OceanGate's Titan Submersible
The Titan submersible operated by OceanGate Expeditions dives in an undated photograph OCEANGATE EXPEDITIONS/Reuters


  • A Spanish underwater expert suggests the Titan submersible quickly plunged to the ocean floor
  • José Luis Martín believes Titan pilot Stockton Rush failed to activate the emergency lever
  • Martin compared the chaos inside the sub after it had a malfunction to a "horror movie"

An expert suggested that the passengers inside the doomed OceanGate's Titan submersible were likely aware their vessel had a malfunction during their descent into the Titanic wreck.

In an interview with Spanish news outlet NIUS, engineer and underwater expert José Luis Martín believes the Titan likely lost its stability due to an electric failure at a depth of about 5,500 feet.

Martin said the scenario could quickly plunge the Titan to the bottom of the ocean in a vertical position "as if it were a stone and without any control" for about 3,000 feet.

​"At this point, the submersible begins to fall headlong towards the seafloor, and with control and safety functions damaged, it can no longer be maneuvered," Martin said, according to the New York Post.

Martin theorized that the submersible's pilot, OceanGate CEO Stockton Rush, failed in trying to activate the "emergency lever to drop weights" and return to the surface of the Atlantic Ocean.

​"The Titan changes position and falls like an arrow vertically because the 400 kilos (880 pounds) of passengers that were at the porthole unbalance the submersible," the Spanish expert said.

"Everyone rushes and crowds on top of each other. Imagine the horror, the fear, and the agony. It had to be like a horror movie," Martin added, suggesting that everything happened between 48 to 71 seconds of the Titan's free fall to the ocean floor.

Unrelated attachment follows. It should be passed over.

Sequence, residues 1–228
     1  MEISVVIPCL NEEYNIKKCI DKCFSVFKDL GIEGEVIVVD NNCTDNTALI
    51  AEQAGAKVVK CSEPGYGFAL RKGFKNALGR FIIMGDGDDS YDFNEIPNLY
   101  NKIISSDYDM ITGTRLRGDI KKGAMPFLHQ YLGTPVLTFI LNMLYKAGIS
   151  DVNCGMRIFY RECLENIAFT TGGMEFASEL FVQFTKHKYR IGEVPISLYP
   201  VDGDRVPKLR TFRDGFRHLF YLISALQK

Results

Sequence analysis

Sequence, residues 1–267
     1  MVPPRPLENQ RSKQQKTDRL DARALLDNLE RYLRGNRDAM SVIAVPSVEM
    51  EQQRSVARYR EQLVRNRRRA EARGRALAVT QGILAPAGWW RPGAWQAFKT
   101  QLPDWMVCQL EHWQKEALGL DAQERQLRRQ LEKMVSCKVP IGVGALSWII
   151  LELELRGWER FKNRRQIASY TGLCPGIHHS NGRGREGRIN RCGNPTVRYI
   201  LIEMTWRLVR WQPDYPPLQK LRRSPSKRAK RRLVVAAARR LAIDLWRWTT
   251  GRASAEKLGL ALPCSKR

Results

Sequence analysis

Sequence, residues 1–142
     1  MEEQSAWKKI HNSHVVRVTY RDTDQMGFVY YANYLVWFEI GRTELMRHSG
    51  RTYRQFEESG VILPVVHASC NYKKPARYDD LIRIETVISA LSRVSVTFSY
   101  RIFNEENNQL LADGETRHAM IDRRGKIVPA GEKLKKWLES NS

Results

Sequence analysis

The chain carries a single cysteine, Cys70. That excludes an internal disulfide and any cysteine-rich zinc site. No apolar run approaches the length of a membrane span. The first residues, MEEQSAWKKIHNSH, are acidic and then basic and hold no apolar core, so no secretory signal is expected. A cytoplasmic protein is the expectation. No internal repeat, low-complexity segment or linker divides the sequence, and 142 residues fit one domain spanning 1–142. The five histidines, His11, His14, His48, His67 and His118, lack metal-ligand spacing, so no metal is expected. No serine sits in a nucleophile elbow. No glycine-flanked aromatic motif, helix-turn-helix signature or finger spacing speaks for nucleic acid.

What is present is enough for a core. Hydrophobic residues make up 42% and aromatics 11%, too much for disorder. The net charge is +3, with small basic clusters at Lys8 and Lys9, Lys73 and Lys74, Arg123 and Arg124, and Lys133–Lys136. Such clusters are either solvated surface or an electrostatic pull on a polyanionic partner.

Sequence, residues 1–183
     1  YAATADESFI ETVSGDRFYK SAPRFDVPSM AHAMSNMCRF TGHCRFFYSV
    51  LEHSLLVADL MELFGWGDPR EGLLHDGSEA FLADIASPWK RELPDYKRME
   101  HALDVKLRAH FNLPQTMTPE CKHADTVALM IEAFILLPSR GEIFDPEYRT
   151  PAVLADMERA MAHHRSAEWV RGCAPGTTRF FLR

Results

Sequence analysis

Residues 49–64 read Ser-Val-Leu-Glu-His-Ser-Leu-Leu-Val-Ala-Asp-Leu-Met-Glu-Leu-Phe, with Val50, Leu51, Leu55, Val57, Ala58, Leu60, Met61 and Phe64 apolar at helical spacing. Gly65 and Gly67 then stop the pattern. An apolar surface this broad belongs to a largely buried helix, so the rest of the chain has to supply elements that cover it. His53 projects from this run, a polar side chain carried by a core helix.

Martin believes that "the implosion and instantaneous sudden death occurs" within those timeframes.

Another underwater expert, Virginia Tech's ocean engineering professor Stefano Brizzolara said last month that the Titan's pressure hull could have a defect that led to the catastrophic implosion.

Brizzolara noted that in OceanGate's case, "any small material and geometric imperfection, misalignment of connection flanges, tightening torque of bolted connection" may have contributed to the implosion of the submersible while it was descending to the Titanic shipwreck.

He also pointed out that the carbon fiber-reinforced plastic, which the Titan was made of, was "very prone to possible defects" that could break into small fragments.

Brizzola added that the submersible's previous voyages to the Titanic in the past few years had also likely caused its hull to "deform and shrink."

On June 23, a week-long massive search for the Titan ended after the U.S. Coast Guard announced they found parts of the submersible about 1,600 feet from the bow of the Titanic wreckage.

All five passengers were killed during the underwater disaster: Titan's pilot Rush, French diving expert Paul-Henri Nargeolet, British billionaire Hamish Harding, Pakistani businessman Shahzada Dawood, and his son, Suleman.

The mangled debris from the ill-fated submersible was hauled to the surface in eastern Canada on June 28.

Two US Coast Guard vessels sit in port in Boston Harbor, from where authorities are mounting a search for a submersible that went missing during an expedition to the wreckage of the Titanic in the North Atlantic